The Story of the Fairest Lady
Nuair a bhí Fionn Mac Cumhaill agus Fianna Éireann fé lán réim in Éirinn, do thug triúr dearthár agus a ndeirfúr, cuairt ar Theamhair na Rí. Do chaitheadar tamall ag féachaint ar na Fianna ag gabháil dá gcluichí gaile agus gaisce. Thug an cailín – an tAon-Bhean a tugtaí uirthi – grá croí do dhuine den bhFéinn ar a dtugtaí Diarmuid Ó Duibhne. Deirtear gur thug Diarmuid grá agus gean di comh maith. Ach do rinne an tArd-Draoi tuair agus tairngreacht go bhfaigheadh an triúr drochbhás dá bpóstaí an tAon-Bhean. Arna chlos san dóibh, do thógadar an cailín leo siar go Ceann Léime. Do rinneadar trí daingin ansan trasna na rinne. Cruachán a b’ainm do dhuine acu. Do dhein seisean daingean le hais na farraige móire [agus] tugtar Cathair Cruacháin ar an áit ó shin i leith. Tá sé ar an dtaobh thuaidh [de Chill Cloichir] le hais na farraige móire. I lár baill, do rinne an tarna dearthár – Sabhall ab ainm do – rinne sé sin daingean eile ansan. Cathair Sabhaill a tugtar ar sin. Níl aon rian de sin le feiscint anois, ach tá an fothrach nó an áit ina raibh sé tuairim fiche nó triocha péirse ar an dtaobh ó dheas de Ghabhal an Dá Bhóthair.1 Rinne an tríú dearthár – Daileann – daingean le hais na Sionainne ar an dtaobh theas [de Cheann Léime]. Ansan, do rinneadar cathair don Aon-Bhean – Cathair na hAon-Mhná a tugtaí air. Adeirtear leis go raibh ollphéist ag cosaint na háite ar thaobh na farraige. An Dabhrach a tugtaí ar an ollphéist so, agus de réir innsint an Chrotaigh, ba dhearthár é don ollphéist a bhí istigh in Inis Cathaigh – An Cathach. Ar aon chuma, nuair do chuala Diarmuid Ó Duibhne go raibh an cailín imithe ó Theamhair na Rí, thug sé cuairt ar bhean feasa a bhí an’, agus do mhol sí dhó dul go Cnoc Bréanainn i gCiarraí agus lonnú ann ar feadh tamaillín. Do thug sí fáinne dhó go raibh chloch dhearg ann, coinneall cearnach, agus curaichín draíochta, agus dúirt sí leis fanúint ansan ag bun Chnoic Bhréanainn go n-iompódh an dath sa tseoid – an chloch dhearg a bhí sa bhfáinne, go n-iompódh sé uaithne.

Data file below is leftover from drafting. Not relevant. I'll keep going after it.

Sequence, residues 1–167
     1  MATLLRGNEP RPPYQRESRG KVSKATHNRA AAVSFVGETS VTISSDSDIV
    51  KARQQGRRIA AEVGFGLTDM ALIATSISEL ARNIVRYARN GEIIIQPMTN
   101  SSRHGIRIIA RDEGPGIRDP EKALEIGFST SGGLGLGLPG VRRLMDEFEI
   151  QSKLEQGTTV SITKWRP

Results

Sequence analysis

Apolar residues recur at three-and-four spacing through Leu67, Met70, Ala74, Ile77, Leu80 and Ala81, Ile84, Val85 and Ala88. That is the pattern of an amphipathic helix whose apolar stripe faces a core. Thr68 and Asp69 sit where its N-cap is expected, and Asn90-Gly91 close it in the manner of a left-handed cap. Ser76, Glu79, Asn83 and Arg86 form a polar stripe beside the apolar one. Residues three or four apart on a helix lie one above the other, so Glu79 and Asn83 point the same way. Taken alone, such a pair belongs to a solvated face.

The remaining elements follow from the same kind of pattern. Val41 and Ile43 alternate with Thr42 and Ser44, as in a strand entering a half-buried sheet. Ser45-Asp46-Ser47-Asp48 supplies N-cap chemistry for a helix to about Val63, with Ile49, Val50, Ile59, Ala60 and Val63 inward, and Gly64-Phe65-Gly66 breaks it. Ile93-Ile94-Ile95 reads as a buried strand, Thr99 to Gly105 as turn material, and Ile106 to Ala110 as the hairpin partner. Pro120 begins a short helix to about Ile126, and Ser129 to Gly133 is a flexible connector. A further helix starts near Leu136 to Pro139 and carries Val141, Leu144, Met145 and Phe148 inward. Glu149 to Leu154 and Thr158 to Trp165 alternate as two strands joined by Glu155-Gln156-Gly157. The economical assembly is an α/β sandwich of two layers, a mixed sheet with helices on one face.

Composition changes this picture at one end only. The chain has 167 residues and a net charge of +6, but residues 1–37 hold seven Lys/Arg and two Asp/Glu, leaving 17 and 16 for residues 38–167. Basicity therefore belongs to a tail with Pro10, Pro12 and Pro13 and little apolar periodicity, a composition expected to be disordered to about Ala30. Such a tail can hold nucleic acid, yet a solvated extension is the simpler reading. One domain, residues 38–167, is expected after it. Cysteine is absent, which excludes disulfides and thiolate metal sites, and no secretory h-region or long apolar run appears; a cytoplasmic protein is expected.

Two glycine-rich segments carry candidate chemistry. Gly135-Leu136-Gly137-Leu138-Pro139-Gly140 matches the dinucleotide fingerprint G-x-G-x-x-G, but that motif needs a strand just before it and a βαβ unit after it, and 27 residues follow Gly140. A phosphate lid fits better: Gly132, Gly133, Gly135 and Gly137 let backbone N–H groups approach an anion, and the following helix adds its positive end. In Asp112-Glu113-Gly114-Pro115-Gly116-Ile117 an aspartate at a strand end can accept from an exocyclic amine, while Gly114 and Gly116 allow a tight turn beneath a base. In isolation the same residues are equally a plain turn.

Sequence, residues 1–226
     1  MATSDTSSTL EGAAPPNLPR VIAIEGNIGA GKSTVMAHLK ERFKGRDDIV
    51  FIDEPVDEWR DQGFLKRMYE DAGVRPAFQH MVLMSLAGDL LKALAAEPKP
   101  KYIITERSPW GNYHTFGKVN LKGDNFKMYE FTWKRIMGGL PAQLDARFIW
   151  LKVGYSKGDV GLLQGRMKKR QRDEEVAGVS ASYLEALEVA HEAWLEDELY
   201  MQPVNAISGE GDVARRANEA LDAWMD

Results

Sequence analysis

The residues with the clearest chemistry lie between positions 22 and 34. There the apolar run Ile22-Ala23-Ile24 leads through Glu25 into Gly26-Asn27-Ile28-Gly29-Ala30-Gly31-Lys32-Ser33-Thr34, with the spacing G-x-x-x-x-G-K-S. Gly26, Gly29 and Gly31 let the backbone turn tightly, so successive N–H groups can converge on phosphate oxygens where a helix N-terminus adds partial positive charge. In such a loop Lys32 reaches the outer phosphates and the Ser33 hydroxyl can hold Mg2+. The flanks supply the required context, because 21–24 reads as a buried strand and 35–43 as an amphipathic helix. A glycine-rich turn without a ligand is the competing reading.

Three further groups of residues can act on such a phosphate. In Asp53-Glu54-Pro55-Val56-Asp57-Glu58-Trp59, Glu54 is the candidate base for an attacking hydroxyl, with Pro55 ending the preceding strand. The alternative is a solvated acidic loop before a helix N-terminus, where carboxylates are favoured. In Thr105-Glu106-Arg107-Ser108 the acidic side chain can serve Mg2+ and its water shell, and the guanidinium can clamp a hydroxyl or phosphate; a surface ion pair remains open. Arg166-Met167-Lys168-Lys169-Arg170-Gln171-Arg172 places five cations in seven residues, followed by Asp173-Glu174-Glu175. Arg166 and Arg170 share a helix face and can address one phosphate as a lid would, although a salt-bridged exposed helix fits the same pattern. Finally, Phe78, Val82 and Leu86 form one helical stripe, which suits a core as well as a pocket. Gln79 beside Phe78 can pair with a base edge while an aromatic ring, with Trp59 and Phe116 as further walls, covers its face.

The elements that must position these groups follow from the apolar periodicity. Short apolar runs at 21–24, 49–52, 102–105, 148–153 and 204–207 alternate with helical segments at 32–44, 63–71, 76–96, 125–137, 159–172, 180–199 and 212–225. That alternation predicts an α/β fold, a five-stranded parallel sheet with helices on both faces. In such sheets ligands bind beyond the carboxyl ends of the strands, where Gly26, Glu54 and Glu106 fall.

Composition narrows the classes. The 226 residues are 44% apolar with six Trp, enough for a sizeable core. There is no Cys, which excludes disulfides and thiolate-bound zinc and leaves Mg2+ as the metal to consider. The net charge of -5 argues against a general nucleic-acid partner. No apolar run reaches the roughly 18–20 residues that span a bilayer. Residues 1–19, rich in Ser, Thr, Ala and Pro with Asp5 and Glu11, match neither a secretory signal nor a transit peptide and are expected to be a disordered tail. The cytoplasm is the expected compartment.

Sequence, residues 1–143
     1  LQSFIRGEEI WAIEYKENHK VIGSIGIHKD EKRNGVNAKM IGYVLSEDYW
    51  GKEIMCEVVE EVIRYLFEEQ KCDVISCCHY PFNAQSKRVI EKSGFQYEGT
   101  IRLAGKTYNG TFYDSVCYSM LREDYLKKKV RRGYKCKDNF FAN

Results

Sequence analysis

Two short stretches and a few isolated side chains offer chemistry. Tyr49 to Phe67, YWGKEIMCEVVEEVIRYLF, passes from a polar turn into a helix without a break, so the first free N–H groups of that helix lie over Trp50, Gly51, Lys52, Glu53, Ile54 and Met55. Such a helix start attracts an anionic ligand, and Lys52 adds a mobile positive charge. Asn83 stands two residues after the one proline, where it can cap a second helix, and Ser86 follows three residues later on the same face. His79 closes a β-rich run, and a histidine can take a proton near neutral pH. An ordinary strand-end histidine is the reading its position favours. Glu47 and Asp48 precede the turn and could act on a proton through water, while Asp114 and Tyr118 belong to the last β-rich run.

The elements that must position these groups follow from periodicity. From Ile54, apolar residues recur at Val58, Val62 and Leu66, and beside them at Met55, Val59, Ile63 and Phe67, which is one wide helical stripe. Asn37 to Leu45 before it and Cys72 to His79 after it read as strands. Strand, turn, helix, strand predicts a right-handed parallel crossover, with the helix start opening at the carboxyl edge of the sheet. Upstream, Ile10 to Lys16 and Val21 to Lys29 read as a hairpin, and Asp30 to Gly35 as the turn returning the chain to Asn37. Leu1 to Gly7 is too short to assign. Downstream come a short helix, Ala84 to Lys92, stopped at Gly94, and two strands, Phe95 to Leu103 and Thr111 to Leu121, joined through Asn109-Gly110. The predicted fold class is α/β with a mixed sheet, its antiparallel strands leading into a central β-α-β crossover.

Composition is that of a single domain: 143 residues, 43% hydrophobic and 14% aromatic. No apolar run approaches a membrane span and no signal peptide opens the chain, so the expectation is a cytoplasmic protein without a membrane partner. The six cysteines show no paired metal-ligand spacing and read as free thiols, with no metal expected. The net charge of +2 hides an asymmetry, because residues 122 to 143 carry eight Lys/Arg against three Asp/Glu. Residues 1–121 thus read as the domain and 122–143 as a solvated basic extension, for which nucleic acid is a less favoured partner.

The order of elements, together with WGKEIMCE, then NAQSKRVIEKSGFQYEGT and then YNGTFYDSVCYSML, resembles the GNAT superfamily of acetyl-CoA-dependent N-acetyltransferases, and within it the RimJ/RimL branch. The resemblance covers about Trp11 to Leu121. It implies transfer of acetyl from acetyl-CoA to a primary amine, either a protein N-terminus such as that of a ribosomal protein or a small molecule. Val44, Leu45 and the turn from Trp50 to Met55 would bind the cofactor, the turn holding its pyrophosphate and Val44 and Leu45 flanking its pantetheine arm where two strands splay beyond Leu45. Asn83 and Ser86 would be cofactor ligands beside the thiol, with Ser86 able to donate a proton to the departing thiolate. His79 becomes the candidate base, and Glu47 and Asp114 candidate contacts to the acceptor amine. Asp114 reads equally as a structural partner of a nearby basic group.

Rinne sé amhlaidh. Bhí an triúr dearthár ansan ar a sáimhín só i gContae an Chláir, [agus] an tAon-Bhean istigh sa chathair acu. Ní fhéadfadh fear, bean ná páiste teacht ó thaobh an Chláir i nganfhios dóibh. Bhí na failltreacha ar thaobh na farraige móire. Bhíodar comh ádhbhail [awful?] ard san ná féadfadh fia ná fiolar teacht aníos ansan, is bhí an ollphéist ag cosaint na háite ar thaobh na Sionainne.
Tamaillín ina dhiaidh san, do tháinig triúr taoiseach ó thuaisceart an Chláir ag tógaint creiche. Crochúr ab ainm do dhuine acu; Ceanúr ab ainm don tarna duine, agus Stuithín ab ainm don tríú duine. Do sciobadar eallaigh na [n]dearthár leo; do lean na deartháracha iad agus thánadar suas leo. Do mharaíodar Ceanúr agus Crochúr, agus d’éalaigh Stuithín uatha amach go hOileáinín draoíchta bhí aige – Cill Stuithín. Deirtear gur chaill sé eochair an gheata – eochair óir agus geata óir a bhí ar Chill Stuithín – agus go raibh sé sa tairngreacht, pé uair a caillfí an eochair go mbáfaí an t-oileán. Do báthadh an t-oileán. Do tháinig na deartháracha abhaile agus an chreach acu aríst, agus nuair a bhíodar ag teacht anoir ag Ard an Bhóthair, do chonacadar go raibh an fharraige thiar dearg ar fad. Do thuigeadar ansan go raibh an tAon-Bhean imithe. Is mar seo a sciobadh í. Nuair a d’imigh na deartháracha, tháinig malairt dath ins an tseoid. Do chuir Diarmuid an curaichín draoíchta san uisce: do chuir sé an choinneall cearnach ar lasadh ina tosach, agus thug sé aghaidh ar chontae an Chláir. Nuair a tháinig sé gairid don chósta do chonac an ollphéist é, ach do chuir solas na coinnle taom trom-shuain air. Tháinig Diarmuid i dtír agus do sciob sé an tAon-Bhean. Nuair a tháinig na deartháracha, do chonacadar Diarmuid agus an tAon-Bhean ag dul i dtir ar chósta Chiarraí. Bhí fhios acu ansan ná raibh i ndán dóibh ach droch-bhás.